MechLog has an unrivalled reputation for safety in the workplace. The company takes its responsibility to its employees very seriously and has a reputation for upholding the high standards of the forestry industry. Hence, during a period when COVID-19 dictates how we conduct every aspect of our lives, including forestry practices, it is interesting to hear an industry leader’s views on how to manage employee safety with the added issue of microbial influence.
MechLog’s CEO, Jillian Aylett Brown, shared her insights.
Safe Work Australia has the model Work Health and Safety laws, which are quite clear about the actions an employer must take during the COVID-19 pandemic, and at all other times.
The model Work Health and Safety (WHS) laws require a person conducting a business or undertaking to ensure, so far as is reasonably practicable, the health and safety of their workers and others at the workplace.
To comply with the model WHS laws, employers must identify hazards at the workplace and the associated risks and do what is reasonably practicable to eliminate those risks, or where this is not reasonably practicable, to minimise those risks. MechLog views COVID-19 as another WHS issue to solve to keep our workforce safe and healthy.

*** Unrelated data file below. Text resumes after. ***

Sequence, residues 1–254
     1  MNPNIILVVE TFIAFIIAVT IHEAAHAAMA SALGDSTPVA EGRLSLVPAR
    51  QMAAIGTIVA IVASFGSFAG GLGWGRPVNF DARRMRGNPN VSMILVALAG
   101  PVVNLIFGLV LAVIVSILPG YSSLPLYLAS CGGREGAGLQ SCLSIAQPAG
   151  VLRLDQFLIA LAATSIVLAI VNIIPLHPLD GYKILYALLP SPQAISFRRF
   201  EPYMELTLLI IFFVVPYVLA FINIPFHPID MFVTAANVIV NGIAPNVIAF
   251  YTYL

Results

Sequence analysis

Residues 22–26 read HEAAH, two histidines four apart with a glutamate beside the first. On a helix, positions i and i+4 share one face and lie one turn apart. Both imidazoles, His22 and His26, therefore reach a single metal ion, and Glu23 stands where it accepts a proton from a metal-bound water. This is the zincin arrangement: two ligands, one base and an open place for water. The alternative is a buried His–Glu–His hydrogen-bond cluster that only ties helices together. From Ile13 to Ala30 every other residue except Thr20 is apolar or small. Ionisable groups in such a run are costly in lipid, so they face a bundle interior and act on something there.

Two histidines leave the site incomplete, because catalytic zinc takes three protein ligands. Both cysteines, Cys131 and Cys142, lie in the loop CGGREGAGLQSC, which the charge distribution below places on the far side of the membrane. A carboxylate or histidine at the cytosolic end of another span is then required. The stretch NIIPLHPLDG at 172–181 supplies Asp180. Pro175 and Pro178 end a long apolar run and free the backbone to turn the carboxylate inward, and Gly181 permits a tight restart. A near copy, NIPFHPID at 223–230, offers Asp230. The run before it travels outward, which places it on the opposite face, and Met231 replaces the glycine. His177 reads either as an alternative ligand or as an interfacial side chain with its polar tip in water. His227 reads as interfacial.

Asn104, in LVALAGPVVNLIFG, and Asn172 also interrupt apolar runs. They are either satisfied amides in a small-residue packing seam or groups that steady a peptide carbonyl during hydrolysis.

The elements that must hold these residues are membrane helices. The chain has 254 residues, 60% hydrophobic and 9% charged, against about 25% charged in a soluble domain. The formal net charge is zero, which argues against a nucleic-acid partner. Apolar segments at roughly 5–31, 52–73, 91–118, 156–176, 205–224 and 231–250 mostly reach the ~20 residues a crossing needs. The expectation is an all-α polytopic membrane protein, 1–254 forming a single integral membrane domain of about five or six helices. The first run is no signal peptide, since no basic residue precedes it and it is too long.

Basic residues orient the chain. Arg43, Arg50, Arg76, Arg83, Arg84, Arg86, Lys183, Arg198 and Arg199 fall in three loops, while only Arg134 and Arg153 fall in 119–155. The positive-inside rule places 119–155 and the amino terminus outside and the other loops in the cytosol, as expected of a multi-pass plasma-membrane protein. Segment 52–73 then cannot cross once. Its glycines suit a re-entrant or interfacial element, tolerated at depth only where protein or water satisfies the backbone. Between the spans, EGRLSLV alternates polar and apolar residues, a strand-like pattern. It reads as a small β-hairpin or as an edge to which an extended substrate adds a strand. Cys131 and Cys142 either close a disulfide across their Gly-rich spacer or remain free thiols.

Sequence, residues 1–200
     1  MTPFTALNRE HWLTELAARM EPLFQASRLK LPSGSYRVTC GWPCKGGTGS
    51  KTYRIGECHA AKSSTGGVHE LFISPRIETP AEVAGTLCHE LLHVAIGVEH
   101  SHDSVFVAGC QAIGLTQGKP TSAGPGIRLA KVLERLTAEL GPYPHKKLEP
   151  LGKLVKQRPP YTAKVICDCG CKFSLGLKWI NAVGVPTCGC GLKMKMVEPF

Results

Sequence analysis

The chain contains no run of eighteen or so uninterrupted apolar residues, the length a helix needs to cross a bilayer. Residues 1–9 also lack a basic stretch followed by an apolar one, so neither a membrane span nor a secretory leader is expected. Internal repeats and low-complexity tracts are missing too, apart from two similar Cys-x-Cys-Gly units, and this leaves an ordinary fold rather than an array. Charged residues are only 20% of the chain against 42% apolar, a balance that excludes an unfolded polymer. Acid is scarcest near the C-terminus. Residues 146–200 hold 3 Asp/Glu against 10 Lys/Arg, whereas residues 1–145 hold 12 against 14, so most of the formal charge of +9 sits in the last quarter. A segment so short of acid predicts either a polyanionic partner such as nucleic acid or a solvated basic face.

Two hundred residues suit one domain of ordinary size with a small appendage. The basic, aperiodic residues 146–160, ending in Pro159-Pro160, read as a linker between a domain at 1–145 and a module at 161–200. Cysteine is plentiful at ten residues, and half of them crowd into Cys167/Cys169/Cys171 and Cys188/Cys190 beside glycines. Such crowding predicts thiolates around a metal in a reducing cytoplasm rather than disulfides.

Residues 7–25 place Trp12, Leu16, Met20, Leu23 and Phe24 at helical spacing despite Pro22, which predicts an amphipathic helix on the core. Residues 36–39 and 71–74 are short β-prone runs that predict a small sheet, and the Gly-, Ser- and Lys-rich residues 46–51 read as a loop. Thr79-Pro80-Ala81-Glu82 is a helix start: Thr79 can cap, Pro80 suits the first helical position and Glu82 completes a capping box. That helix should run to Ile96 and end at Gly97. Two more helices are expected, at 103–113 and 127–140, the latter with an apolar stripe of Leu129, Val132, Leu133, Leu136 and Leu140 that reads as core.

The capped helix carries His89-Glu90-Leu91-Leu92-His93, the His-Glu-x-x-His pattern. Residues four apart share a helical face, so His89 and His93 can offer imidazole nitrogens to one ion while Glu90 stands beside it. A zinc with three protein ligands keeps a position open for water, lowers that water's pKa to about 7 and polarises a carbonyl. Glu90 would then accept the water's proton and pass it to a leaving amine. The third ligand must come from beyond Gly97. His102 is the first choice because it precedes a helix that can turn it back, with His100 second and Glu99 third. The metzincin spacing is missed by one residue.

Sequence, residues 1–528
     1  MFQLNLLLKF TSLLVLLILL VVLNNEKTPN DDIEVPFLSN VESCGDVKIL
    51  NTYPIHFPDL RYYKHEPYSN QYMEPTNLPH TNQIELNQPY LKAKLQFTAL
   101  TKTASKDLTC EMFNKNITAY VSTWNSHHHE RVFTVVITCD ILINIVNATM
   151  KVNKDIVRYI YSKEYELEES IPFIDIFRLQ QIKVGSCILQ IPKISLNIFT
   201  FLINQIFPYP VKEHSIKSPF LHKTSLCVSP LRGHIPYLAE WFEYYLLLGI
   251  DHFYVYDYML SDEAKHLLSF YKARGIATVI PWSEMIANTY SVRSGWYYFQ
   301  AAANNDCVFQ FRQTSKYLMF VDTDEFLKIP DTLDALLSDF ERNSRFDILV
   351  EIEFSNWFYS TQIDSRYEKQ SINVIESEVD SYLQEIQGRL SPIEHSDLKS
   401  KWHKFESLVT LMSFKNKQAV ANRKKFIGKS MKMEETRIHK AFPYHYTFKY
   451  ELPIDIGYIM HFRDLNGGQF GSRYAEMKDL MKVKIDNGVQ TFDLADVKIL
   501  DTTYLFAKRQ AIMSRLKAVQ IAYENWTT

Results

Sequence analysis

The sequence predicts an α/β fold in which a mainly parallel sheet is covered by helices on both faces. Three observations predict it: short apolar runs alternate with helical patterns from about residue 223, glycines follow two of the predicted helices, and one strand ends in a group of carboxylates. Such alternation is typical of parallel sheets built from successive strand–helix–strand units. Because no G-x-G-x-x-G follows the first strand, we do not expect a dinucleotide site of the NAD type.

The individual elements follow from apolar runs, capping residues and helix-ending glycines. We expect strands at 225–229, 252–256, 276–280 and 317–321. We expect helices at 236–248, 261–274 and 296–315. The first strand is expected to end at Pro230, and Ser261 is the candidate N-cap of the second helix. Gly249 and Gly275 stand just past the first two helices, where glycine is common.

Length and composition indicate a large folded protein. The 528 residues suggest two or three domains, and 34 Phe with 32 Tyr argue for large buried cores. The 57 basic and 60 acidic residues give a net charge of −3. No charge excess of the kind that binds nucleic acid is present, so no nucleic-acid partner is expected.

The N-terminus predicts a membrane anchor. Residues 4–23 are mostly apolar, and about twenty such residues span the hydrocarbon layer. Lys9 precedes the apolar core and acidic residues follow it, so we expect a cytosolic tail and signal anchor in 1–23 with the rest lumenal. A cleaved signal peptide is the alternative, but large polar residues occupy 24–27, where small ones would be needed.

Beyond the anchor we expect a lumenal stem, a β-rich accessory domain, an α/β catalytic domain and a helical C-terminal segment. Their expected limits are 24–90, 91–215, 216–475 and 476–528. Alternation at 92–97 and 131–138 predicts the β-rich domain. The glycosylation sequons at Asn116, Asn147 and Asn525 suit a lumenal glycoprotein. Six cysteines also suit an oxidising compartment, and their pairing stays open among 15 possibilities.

MechLog has not changed its position on WHS or prioritising the welfare of our team of 35 employees across Australia. It is our number one priority, as it always has been and always will be. COVID-19 has made no difference to how we prioritise safety, it has just added another element to the list of things we all have to do to stay safe in the workplace. In MechLog’s case, this has taken the form an Infectious Disease preparedness and response plan, which we have implemented across our business.
It starts, not with process, but with psychology. If every staff member does not have equal respect for their own safety and wellbeing and their fellow workers, the system fails. COVID-19, if anything, proves this point perfectly. If every employee looks after his or her own health – adhering to government guidelines – they lower their risk of contracting COVID-19 and passing it on to the rest of the team. Every employee must respect COVID-19 and understand the measures we are implementing to keep everyone safe and virus free at work.
Whenever new and improved safety measures and regulations come into force, MechLog start by explaining to our staff what is going to happen, when it is happening, and why it is happening. It is simply disrespectful to direct staff to follow a new rule without giving them the courtesy regarding why they have to follow the new direction.
When the Federal, South Australian, and Tasmanian Governments introduced their COVID-19 guidelines, we reviewed them and prepared a briefing for our staff about the changes to existing WHS policy, and our expectations. The Governments’ guidelines became our guidelines. We took the time to explain our position and how we, as the MechLog team, intended to apply the regulations to our business. Within 24 hours, the COVID-19 guidelines became company part of our safety policy and, to date, has been enthusiastically adopted by every employee from the office team to the field staff.